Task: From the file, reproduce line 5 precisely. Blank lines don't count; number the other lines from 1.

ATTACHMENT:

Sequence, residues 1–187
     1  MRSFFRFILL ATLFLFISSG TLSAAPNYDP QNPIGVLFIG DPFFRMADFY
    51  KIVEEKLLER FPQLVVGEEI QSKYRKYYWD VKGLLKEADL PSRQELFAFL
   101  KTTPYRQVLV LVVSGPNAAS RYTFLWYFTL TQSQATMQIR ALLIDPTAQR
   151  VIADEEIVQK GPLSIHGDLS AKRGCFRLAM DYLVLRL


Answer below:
   151  VIADEEIVQK GPLSIHGDLS AKRGCFRLAM DYLVLRL